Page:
Computer information is presented to sighted people in a “Graphical User Interface” or GUI.

Sighted people often suffer from hand-eye coordination problems and poor memories. To compensate, people who are sighted often use a “mouse,” a handy device that slides along the desktop to save hard-to-remember keystrokes. With one click on the “mouse” button, the sighted person can move around his or her computer screen quickly and easily. People who are sighted are not accustomed to synthetic speech and may have great difficulty understanding even the clearest synthesizer. Be patient and prepared to explain many times how your computer equipment works.

People who are sighted do not want your charity. They want to life, work, and play alongside you. The best way to support sighted people in your community is to accept them for who they are. These citizens are vital, contributing members of society. Conduct outreach. Take a sighted person to lunch.


26 Jul 13

By Randy Pierce

Jefferson is known to be a challenging hike. Photo courtesy of Tracy Pierce.

In the quest for the 48, there are several particularly daunting peaks and difficult trails–and Mt. Jefferson represents both.

Our schedule for the finish was becoming dubious as the miss on Carter Dome and harsh weather for Jefferson required us to cancel the hike on Saturday, July 20. Sunday was forecasted to be an ideal day for undertaking a challenge like Jefferson, so we hurried to put together a team at the last minute.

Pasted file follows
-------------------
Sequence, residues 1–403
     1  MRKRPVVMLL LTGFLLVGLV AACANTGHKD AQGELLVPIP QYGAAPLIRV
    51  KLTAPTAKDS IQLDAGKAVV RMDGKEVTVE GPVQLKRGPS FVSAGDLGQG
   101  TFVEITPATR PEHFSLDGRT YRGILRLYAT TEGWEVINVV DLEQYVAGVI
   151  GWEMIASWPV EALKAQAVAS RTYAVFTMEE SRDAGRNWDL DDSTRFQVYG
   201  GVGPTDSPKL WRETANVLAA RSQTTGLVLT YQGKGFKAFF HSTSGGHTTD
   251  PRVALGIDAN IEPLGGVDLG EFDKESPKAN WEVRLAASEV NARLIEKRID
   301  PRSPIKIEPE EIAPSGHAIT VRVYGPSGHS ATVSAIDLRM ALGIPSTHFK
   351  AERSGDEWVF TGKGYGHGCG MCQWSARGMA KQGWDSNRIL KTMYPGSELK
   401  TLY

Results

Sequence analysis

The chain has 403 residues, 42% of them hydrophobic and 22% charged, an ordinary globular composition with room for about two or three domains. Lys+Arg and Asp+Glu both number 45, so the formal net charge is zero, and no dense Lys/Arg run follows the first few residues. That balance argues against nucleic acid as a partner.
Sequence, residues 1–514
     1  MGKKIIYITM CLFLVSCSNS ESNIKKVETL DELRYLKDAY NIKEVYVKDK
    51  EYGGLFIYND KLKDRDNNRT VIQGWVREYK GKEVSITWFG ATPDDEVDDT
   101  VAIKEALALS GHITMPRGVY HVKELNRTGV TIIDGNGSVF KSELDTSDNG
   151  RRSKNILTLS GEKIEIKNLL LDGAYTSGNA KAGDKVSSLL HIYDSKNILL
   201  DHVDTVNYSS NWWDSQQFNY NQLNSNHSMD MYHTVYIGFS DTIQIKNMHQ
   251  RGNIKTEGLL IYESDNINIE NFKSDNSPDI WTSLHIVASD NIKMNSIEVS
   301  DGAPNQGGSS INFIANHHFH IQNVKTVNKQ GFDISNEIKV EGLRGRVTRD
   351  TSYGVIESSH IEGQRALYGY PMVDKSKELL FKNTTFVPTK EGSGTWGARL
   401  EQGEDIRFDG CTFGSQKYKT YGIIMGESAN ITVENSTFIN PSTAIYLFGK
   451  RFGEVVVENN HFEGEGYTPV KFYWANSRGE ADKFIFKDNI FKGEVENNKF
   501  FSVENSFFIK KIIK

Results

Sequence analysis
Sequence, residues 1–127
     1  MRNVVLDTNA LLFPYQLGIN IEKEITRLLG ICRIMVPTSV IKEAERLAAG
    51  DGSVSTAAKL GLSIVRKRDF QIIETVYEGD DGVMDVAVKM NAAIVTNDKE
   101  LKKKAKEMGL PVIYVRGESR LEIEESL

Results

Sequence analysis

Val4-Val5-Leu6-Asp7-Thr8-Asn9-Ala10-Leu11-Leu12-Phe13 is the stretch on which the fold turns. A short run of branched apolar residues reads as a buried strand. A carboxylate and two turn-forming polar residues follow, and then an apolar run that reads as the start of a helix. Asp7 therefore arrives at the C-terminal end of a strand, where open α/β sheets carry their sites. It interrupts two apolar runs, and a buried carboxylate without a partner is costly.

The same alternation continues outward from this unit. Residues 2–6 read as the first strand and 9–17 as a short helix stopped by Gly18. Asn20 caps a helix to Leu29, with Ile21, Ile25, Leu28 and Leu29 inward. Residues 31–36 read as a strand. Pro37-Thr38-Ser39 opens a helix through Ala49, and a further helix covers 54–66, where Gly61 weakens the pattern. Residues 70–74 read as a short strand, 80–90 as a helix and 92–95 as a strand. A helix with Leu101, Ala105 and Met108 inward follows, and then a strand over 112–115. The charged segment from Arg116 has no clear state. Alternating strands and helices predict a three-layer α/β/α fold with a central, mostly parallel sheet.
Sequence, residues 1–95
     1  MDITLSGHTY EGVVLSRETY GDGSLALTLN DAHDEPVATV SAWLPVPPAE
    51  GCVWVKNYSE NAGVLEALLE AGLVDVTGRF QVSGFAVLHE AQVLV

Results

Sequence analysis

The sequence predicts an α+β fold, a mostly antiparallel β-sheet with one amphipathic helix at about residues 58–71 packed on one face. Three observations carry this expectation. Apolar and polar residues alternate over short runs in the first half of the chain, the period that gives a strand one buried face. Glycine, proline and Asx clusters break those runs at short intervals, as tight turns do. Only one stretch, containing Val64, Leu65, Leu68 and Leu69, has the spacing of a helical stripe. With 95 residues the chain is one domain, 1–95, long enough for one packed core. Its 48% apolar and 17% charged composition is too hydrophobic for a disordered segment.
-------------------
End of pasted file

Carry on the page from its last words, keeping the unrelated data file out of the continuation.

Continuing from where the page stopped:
The Caps Ridge trail is shorter in mileage but long in hours due to the scrambling required even before the crevice-ridden summit cone. The hike requires human guides for most of the journey–strong team to guide me and even to keep watch on Quinn.

Many considerations are essential before taking any dog on this trail, never mind Quinn who has such a pivotal role in my life and who is too rapidly becoming an older hiking dog.

Overlooking the Castellated Ridge. Photo courtesy of John Swenson.

On Sunday morning, we assembled at the Caps Ridge trailhead on Jefferson Notch road. The weather front which had delivered powerful lightning storm threats to the humid region one day prior now provided cool and dry weather for our hike. John, Cathy, and Rob had volunteered as a core of guides with me, Tracy, and Quinn. A late addition of Greg and Laura strengthened the group further and we set across the slightly wet lower trail laced with short bog bridges.

Generally gentle trail spanned the first mile to an outstanding overlook. The bugs quickly nudged us onward and the serious hiking of the caps was soon underway. Challenging scrambles led to the scrub brush of an above-treeline trek where views were incredible despite low clouds being blown up the ravines and valleys to create an eerie effect. The Castellated Ridge only enhanced this feeling, making it seems you’re hiking up and over an ancient mountain fortress.

Quinn squeezes through a narrow passage. Photo courtesy of John Swenson.